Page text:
Nothing can hold them back. On Tuesday evening, several thousand demonstrators marched through Istanbul, a diverse group including students, pensioners, women in headscarves and punks, and many of them held up signs as they walked: "No to the presidency!" Erdogan!" And: "This is just the beginning. The protests began on Sunday, just a few hours after President Recep Tayyip Erdogan claimed victory in the referendum that grants him significantly expanded powers and the demonstrations have become larger on each successive day since then, spreading to more than three dozen cities. People in Ankara and Izmir, in Adana and Mersin, in Edirne and Canakkale have taken to the streets in opposition to Erdogan, accusing him of having manipulated the vote on the constitutional referendum. According to media reports, the country's electoral commission accepted up to 2.5 million ballots despite their not having been stamped in accordance with the rules.
ANKARA – Police searched a mansion in northwestern Turkey belonging to a Saudi citizen on Monday after investigators determined that the man had been in contact with one of the suspects in the slaying of Saudi journalist Jamal Khashoggi, Turkish officials said. Crime scene investigators and other officials, aided by sniffer dogs and a drone, scoured the luxury villa near the town of Termal, in Yalova province, and later expanded their search to the grounds of the neighboring villa, the state-run Anadolu agency reported. Police spent around 10 hours searching the two villas for the journalist's remains, Anadolu reported, without saying if any evidence or trace had been found. The Istanbul prosecutor's office said Mansour Othman Abbahussain -- a member of a 15-person squad sent from Riyadh to kill Khashoggi -- had contacted the mansion's owner, Mohammed Ahmed Alfaozan, by telephone a day before Khashoggi's Oct. 2 killing. "It is being assessed that this conversation was geared toward the disposal (or) the hiding of Jamal Khashoggi's body after its dismemberment," the prosecutor's statement read.
Turkey is finally starting to get through to US lawmakers about its concerns with American support for the Syrian Kurds, with potential repercussions for the fight against the self-proclaimed Islamic State (IS). Fresh off a trip to the Syrian refugee camp in Gaziantep, Sen. Lindsey Graham, R-S.C., told reporters last week that the Obama administration's strategy of relying on the People's Protection Units (YPG) to destroy IS is "never going to work." The remarks were immediately picked up by the Turkish press, which eagerly framed them as evidence that Washington may be coming around to Ankara's point of view that the YPG is a close cousin to the Kurdistan Workers Party (PKK), a US-designated terrorist group. "What I saw from Turkey was a real anxiety about our strategy in Syria," said Graham, a hawkish member of the Armed Services Committee who unsuccessfully ran for president this cycle. "Turkey is of the view that this strategy will never work and will never result in destroying [IS].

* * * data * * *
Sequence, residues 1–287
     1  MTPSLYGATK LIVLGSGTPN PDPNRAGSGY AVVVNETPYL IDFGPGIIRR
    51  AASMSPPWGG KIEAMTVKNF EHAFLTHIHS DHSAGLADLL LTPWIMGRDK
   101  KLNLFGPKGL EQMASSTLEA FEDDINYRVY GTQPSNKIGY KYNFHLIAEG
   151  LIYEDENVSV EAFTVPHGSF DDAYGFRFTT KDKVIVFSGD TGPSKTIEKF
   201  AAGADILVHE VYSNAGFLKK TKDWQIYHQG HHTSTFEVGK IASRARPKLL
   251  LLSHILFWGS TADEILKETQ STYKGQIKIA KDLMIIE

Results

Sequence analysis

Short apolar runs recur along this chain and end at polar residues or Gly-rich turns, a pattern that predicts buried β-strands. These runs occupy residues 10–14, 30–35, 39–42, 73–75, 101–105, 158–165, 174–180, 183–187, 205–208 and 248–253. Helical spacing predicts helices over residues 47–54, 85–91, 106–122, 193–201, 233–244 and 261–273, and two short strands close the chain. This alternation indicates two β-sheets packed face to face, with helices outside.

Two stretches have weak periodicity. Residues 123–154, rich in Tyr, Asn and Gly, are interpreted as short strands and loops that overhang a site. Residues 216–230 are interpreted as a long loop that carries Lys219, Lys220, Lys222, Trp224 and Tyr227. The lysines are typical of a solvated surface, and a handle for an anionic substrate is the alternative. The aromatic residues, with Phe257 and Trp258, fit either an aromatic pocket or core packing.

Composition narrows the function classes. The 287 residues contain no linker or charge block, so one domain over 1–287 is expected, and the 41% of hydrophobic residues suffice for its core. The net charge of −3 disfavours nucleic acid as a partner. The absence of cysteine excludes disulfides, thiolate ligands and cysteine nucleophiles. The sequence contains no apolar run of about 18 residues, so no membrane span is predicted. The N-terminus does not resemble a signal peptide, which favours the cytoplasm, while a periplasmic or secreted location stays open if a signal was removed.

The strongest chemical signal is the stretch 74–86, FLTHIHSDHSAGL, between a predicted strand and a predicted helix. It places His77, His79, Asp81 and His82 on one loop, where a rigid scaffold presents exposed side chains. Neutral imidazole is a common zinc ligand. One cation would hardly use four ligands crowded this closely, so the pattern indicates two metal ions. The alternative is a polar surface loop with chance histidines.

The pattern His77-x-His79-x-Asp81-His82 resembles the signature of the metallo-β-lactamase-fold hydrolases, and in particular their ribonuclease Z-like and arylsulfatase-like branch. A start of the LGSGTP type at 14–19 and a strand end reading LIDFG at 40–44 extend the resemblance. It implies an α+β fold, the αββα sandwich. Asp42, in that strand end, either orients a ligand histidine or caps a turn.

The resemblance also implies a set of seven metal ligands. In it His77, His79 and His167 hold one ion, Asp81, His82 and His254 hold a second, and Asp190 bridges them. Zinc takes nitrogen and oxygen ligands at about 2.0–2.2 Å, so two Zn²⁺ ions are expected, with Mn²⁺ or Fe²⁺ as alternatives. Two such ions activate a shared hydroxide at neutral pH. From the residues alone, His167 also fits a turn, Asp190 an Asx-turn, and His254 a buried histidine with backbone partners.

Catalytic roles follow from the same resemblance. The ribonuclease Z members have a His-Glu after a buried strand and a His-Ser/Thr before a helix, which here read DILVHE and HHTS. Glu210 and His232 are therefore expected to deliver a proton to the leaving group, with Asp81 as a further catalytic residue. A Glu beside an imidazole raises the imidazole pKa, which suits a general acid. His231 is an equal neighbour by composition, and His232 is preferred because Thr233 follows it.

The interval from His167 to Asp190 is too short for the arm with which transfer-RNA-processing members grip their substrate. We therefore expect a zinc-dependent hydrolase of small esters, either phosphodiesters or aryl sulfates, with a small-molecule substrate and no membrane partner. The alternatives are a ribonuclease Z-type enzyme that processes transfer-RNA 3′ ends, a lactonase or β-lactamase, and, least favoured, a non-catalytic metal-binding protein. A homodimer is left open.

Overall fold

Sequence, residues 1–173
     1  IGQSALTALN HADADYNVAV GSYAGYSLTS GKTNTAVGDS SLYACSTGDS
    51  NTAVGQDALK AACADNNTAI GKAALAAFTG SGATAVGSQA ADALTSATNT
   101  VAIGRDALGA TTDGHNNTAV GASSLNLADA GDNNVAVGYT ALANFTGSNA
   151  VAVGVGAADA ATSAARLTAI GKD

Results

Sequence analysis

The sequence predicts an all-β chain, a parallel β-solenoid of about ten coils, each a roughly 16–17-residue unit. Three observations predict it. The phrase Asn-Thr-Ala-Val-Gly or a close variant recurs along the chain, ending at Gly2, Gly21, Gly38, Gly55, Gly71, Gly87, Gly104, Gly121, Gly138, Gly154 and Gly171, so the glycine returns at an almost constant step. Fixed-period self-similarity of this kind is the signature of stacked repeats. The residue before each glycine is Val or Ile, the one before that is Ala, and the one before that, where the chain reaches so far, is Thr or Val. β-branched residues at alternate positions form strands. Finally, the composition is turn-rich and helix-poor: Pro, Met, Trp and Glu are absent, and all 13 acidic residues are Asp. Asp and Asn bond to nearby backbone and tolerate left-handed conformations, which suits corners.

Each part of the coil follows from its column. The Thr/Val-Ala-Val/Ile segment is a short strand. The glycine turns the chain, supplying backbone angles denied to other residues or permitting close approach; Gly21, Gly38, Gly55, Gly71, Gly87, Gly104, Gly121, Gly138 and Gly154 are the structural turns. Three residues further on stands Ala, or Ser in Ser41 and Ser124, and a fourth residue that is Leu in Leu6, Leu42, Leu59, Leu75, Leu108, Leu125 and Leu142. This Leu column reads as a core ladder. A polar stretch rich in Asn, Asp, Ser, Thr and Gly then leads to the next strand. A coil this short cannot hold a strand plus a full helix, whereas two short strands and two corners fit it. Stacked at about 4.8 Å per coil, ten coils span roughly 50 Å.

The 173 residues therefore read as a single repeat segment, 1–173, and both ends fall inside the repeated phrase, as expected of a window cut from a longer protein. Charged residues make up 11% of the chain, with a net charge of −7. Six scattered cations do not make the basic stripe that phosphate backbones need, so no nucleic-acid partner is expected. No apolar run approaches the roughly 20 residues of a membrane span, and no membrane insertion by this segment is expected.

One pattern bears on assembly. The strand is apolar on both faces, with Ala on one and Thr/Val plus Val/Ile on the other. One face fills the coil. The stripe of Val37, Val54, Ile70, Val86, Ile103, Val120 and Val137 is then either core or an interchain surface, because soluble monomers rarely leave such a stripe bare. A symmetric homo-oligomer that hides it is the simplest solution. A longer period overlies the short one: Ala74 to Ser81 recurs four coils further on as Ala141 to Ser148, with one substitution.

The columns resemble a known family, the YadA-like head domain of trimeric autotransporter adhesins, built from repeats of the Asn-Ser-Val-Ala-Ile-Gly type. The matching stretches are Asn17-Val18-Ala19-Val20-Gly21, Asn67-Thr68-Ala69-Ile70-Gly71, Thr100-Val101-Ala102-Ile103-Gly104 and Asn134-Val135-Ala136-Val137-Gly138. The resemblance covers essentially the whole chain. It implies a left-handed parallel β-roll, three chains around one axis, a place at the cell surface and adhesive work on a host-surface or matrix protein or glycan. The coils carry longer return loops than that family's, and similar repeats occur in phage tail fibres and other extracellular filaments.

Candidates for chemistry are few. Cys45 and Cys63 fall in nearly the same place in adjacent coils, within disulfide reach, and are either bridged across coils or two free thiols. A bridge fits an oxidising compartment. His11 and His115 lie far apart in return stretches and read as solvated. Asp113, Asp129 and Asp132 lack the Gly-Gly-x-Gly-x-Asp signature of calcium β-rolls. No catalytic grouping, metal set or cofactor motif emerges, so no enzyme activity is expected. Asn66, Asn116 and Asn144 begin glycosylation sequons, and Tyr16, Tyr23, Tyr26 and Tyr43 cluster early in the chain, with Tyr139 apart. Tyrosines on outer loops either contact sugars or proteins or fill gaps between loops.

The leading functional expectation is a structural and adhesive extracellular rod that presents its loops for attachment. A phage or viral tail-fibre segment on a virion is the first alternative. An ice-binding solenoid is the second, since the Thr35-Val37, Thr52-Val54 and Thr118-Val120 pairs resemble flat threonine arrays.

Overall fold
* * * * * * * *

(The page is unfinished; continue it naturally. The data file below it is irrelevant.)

Turkish police have detained hundreds of suspected ISIL members in nationwide raids, according to state media, in the biggest roundup to target the armed group in Turkey. More than 400 suspects, most of them foreign nationals, were arrested during operations conducted in at least 18 provinces, Anadolu news agency reported on Sunday. At least 60 people were detained in the capital, Ankara, while 150 were arrested in Sanliurfa in the southeast and a further 47 in the nearby city of Gaziantep close to the Syrian border. In the Aegean province of Izmir, security forces also held at least nine suspected ISIL members who were allegedly preparing for an attack. Another 18 people were detained in Istanbul and the neighbouring province of Kocaeli on suspicion of planning attacks.
ANKARA – Turkish warplanes struck suspected Kurdish rebel positions in Iraq and Syria on Tuesday, drawing condemnation from Baghdad and criticism from the U.S.-led coalition fighting the Islamic State group, which is allied with Kurdish factions in both countries. Syrian activists said the attack killed at least 18 members of the Syrian Kurdish militia known as the People's Protection Units, or YPG, which is a close U.S. ally against IS but is seen by Ankara as a terrorist group because of its ties to Turkey's Kurdish rebels. The airstrikes also killed five members of the Iraqi Kurdish militia known as the peshmerga, which is also battling the extremist group with help from the U.S.-led coalition. The YPG said the strikes hit a media center, a local radio station, a communication headquarters and some military posts, killing an undetermined number of fighters in the town of Karachok, in Syria's northeastern Hassakeh province. The Britain-based Syrian Observatory for Human Rights, an opposition group that monitors all sides of the conflict, said the strikes killed 18 YPG fighters.